Jonathan walks to the river (the river he dreamt that night by the campfire). He bags two fistfuls of river soil. He presents one to Alex’s Grandfather, who drifts in memory. A flashback shows the Nazis lining up Jews for execution. One of them is Baruch—Alexis’ Grandfather. In the distance, a young woman stands with a basket. The soldiers shoot. The corpses are covered with sulfur and lye. The young woman comes to the pile and "collects" things—glasses, letters. Suddenly, one corpse moves. It is Baruch. He sees her, stands, and discards his coat with the Star of David symbol and runs. The woman watches him. She is Lista.

Back at the house, Jonathan returns the amber necklace to Lista. "I believe this was your sister’s." She in turn brings out the box labeled "in case" and gives Jonathan the wedding ring. Augustina was Safran’s wife. He left one week before the Nazis came, to prepare for her and the baby in America. That is how Augustina saved Jonathan’s Grandfather’s life. "Why is this marked in case?" "In case someone comes searching." Before they leave, Lista asks Grandfather, "Is the war over?" He smiles: "Yes, it is over."

They ride away in the dark. We are back at the hotel in Lutsk, where Grandfather commits suicide in the bathtub. Alex finds him quietly. Alex and Jonathan ride back to the Odessa train station in silence. At the station, Jonathan gives Alex his heritage—his own grandfather’s Star of David necklace, which Alex promply wears. Jonathan walks away. Alex calls: "John," the first time Alex has gotten his name correct. Jonathan turns, smiles and proceeds to the train.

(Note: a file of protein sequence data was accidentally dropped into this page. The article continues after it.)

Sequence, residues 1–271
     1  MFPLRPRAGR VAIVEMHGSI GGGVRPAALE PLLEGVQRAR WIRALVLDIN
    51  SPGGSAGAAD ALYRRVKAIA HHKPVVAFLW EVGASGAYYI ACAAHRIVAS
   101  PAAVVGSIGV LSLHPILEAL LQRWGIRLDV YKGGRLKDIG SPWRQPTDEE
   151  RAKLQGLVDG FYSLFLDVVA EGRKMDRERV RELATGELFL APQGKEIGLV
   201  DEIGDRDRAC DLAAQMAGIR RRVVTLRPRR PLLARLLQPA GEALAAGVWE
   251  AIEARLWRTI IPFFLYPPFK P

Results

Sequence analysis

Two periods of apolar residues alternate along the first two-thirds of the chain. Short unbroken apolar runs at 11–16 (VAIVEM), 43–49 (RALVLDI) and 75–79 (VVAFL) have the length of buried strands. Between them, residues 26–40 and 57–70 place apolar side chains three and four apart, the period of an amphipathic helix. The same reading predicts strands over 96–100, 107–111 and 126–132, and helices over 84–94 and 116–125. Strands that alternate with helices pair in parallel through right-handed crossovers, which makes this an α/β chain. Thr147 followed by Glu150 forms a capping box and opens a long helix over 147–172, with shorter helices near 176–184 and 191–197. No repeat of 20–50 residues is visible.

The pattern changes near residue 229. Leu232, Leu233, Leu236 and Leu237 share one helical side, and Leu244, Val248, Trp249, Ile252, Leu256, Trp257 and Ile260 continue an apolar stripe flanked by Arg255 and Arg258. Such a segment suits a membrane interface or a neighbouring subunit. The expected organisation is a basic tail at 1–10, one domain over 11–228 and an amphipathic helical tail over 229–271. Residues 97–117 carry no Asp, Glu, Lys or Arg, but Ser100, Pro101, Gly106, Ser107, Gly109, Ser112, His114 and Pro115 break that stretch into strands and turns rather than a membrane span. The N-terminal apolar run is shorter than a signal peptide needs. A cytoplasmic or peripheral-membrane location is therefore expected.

As Jonathan flies home, Alex voices over: "Everything is illuminated in the light of the past." Alex is the writer, the hand that writes each Chapter heading. At the airport, Jonathan notices, for the first time, all the other people he’s never noticed before. They notice him. He is a walking lamp and is exhilarated. He closes his eyes in true illumination.

At his grandfather’s gravesite, Jonathan stands with the soil from Trachimbrod and sprinkles it over the grave. Beside the Trachimbrod memorial, Alex and his family stand before the grave of his Grandfather—a proper Jewish monument. Alex wears a yamica and sprinkles the remaining soil from the Brod from the Ziploc bag over Grandfather’s grave as Sammy Davis Jr. Jr. peers over the side. "Everything is illuminated in the light of the past."